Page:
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I got confidence from talking to an embassy officer. She gave me detailed advice based on my i-20 and original paperwork. She also helped me navigate the complicated re-apply process of getting my visa approved quickly and efficiently.

Shreya Trivedi

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My Consultant made sure that all of the necessary paperwork was completed properly and submitted in a timely manner to avoid section 214(b) and 221(g). I would highly recommend them to anyone who needs help with visa re-apply matter.

Aryan Sharma

Re-apply with confidence. Get the US F1 Student Visa approved

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  • The process for reapplying for a US student visa is similar to the initial application process. You will need to complete the DS-160 online application form, submit a valid passport, pay the visa application fee, and schedule an appointment at a US embassy or consulate.

  • The standard for re-applying for a US student visa under Section 214(b) is that applicants must demonstrate to the consular officer that they have strong ties to their home country and intend to return there after their studies in the US. Applicants must also demonstrate that they have the financial resources to cover their studies and living expenses in the US.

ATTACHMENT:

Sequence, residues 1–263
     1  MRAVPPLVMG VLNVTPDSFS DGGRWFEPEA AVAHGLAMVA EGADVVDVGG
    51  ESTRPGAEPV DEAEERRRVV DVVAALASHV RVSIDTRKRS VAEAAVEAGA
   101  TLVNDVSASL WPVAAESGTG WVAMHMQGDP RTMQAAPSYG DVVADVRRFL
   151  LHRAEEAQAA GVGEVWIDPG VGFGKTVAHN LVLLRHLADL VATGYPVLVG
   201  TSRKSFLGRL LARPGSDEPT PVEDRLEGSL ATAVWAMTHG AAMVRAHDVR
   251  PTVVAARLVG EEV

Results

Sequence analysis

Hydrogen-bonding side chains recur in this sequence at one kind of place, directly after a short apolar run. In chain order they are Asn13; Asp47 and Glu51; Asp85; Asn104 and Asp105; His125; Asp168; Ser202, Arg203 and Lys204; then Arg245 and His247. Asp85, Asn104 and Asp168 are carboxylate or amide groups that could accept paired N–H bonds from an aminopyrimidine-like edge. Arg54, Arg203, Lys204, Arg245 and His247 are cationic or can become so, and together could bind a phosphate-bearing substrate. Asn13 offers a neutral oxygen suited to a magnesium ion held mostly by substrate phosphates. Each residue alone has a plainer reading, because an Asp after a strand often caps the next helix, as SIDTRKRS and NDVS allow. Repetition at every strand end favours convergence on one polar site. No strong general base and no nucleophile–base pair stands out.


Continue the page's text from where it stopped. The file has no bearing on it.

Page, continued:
1. You must provide proof of strong ties to your home country, including evidence of financial support, employment, or family ties.
    2. You must show that you have a legitimate purpose for traveling to the United States.
    3. You must demonstrate that you have sufficient funds to cover the cost of living and tuition in the United States.
    4. You must show that you plan to return to your home country after completing your studies.
    5. You must demonstrate that you are a bona fide student and that you have the ability to pursue your proposed course of study.
    6. You must demonstrate that you have complied with all the terms and conditions of your previous visa.
    7. You must show that you have not violated any U.S. immigration laws.
    1. Incomplete required documents
    2. Inadequate financial resources
    3. Unclear purpose of visit
    4. Unclear/inconsistent statements
    5. Lack of sufficient ties to home country
    6. Unsatisfactory academic record
    7. Insufficient English language proficiency
    8. Unauthorized employment
    9. Ineligibility under immigration law
    10. Failure to appear for visa interview
  • The first step is to review the refusal notice to determine why the visa was refused. This can help you better prepare your application and documents for the new application. After you have reviewed the refusal notice, you can submit a new visa application and supporting documents. In most cases, you should also submit the original 221(g) refusal notice with your application. If any additional documents or information is required, you should submit them as well. After submitting your application and documents, you will be required to appear for a visa interview with a consular officer.